Note: By submitting your comments, you acknowledge that Radio Canada International has the right to reproduce, broadcast and publicize those comments or any part thereof in any manner whatsoever. Radio Canada International does not endorse any of the views posted. Your comments will be pre-moderated and published if they meet netiquette guidelines.

Netiquette »

When you express your personal opinion in an online forum, you must be as courteous as if you were speaking with someone face-to-face. Insults and personal attacks will not be tolerated. To disagree with an opinion, an idea or an event is one thing, but to show disrespect for other people is quite another. Great minds don’t always think alike—and that’s precisely what makes online dialogue so interesting and valuable.

Netiquette is the set of rules of conduct governing how you should behave when communicating via the Internet. Before you post a message to a blog or forum, it’s important to read and understand these rules. Otherwise, you may be banned from posting.

  1.’s online forums are not anonymous. Users must register, and give their full name and place of residence, which are displayed alongside each of their comments. reserves the right not to publish comments if there is any doubt as to the identity of their author.
  2. Assuming the identity of another person with intent to mislead or cause harm is a serious infraction that may result in the offender being banned.
  3.’s online forums are open to everyone, without regard to age, ethnic origin, religion, gender or sexual orientation.
  4. Comments that are defamatory, hateful, racist, xenophobic, sexist, or that disparage an ethnic origin, religious affiliation or age group will not be published.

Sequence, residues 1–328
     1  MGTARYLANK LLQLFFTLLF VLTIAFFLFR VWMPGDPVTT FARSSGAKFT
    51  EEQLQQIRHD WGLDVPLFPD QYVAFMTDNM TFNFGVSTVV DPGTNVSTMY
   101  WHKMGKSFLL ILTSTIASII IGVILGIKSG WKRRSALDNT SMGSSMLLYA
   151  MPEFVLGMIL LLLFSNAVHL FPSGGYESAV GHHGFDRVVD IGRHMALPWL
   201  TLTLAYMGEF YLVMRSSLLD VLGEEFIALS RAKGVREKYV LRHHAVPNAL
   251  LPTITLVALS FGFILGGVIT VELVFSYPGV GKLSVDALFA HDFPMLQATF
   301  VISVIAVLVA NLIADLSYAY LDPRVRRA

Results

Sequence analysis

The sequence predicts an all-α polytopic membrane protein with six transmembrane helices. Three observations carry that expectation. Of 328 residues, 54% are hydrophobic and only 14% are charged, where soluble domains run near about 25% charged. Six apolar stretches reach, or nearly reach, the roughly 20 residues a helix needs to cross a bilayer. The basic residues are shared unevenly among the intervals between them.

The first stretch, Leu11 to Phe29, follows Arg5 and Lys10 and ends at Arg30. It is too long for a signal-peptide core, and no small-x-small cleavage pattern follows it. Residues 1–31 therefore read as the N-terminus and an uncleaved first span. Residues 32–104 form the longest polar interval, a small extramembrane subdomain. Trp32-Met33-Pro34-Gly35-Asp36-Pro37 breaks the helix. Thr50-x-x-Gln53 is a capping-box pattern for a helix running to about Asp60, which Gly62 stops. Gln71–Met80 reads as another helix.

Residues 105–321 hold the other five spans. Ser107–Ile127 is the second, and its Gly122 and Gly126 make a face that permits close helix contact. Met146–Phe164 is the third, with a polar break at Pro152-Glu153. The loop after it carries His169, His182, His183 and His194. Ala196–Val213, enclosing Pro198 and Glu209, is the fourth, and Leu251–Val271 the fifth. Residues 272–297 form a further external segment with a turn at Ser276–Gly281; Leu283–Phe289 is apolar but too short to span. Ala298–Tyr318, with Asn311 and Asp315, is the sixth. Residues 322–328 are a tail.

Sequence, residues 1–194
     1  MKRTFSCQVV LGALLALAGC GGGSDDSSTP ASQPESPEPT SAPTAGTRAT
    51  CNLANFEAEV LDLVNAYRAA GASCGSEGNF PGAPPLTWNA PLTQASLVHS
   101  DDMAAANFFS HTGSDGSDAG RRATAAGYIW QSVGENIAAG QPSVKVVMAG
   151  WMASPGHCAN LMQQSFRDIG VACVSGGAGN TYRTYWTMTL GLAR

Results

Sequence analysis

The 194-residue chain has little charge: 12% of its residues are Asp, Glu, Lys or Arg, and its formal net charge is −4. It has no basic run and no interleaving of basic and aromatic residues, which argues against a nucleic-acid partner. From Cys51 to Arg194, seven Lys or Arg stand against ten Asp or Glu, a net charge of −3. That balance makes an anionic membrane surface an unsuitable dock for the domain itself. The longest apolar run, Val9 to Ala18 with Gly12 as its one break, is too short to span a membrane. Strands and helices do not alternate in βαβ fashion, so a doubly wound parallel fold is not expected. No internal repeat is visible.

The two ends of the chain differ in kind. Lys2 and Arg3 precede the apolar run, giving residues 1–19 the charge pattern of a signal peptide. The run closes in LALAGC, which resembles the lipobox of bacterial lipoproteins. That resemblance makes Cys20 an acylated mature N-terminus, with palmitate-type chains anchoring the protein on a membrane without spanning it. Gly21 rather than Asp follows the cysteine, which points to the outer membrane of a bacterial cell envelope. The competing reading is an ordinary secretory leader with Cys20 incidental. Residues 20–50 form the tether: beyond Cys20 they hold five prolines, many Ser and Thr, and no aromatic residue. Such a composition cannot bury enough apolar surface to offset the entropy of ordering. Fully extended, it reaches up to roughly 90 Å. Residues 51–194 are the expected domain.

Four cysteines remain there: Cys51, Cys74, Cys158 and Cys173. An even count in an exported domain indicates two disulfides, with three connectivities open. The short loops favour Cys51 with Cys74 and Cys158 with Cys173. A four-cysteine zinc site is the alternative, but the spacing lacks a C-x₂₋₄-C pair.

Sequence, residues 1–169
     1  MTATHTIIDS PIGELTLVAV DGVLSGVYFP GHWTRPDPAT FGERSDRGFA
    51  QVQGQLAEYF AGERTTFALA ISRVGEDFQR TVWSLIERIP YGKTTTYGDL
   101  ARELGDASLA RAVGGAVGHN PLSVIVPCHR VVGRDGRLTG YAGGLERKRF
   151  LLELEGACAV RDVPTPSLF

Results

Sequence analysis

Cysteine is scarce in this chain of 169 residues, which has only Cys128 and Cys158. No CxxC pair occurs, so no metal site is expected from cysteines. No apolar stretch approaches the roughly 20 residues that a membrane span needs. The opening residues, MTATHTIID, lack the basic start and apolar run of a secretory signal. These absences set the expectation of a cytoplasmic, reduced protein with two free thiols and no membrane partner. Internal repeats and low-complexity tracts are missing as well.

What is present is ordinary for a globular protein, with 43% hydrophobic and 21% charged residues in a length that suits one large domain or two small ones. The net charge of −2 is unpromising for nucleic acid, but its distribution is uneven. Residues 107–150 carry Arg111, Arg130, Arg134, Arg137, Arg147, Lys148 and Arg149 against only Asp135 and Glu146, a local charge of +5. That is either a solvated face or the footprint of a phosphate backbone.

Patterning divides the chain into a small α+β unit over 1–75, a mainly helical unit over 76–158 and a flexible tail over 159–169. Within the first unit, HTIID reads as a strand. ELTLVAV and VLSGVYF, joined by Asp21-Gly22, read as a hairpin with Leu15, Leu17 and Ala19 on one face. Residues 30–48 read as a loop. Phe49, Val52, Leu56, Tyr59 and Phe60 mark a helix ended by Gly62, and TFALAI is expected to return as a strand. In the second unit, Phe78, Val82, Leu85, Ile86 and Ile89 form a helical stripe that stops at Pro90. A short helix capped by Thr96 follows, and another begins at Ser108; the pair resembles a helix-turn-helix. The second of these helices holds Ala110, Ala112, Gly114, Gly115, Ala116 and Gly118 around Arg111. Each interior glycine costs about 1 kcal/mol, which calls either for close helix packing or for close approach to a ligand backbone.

5. In online speak, writing in ALL CAPS is considered yelling, and may be interpreted as aggressive behaviour, which is unpleasant for the people reading. Any message containing one or more words in all caps (except for initialisms and acronyms) will be rejected, as will any message containing one or more words in bold, italic or underlined characters.
  6. Use of vulgar, obscene or objectionable language is prohibited. Forums are public places and your comments could offend some users. People who use inappropriate language will be banned.
  7. Mutual respect is essential among users. Insulting, threatening or harassing another user is prohibited. You can express your disagreement with an idea without attacking anyone.
  8. Exchanging arguments and opposing views is a key component of healthy debate, but it should not turn into a dialogue or private discussion between two users who address each other without regard for the other participants. Messages of this type will not be posted.
  9. Radio Canada International publishes contents in five languages. The language used in the forums has to be the same as the contents we publish. The usage of other languages, with the exception of some words, is forbidden. Messages that are off-topic will not be published.
  10. Making repetitive posts disrupts the flow of discussions and will not be tolerated.
  11. Adding images or any other type of file to comments is forbidden. Including hyperlinks to other websites is allowed, as long as they comply with netiquette. Radio Canada International  is in no way responsible for the content of such sites, however.
  12. Copying and pasting text written by someone else, even if you credit the author, is unacceptable if that text makes up the majority of your comment.
  13. Posting any type of advertising or call to action, in any form, to Radio Canada International  forums is prohibited.
  14. All comments and other types of content are moderated before publication. Radio Canada International  reserves the right to refuse any comment for publication.
  15. Radio Canada International  reserves the right to close a forum at any time, without notice.
  16. Radio Canada International  reserves the right to amend this code of conduct (netiquette) at any time, without notice.
  17. By participating in its online forums, you allow Radio Canada International to publish your comments on the web for an indefinite time. This also implies that these messages will be indexed by Internet search engines.
  18. Radio Canada International has no obligation to remove your messages from the web if one day you request it. We invite you to carefully consider your comments and the consequences of their posting.


One comment on “Sharp decline in seabird population in British Columbia
  1. benalbanach says:

    More likely infertility is the culprit.Even gulls suffer eventually from processed ‘food ‘.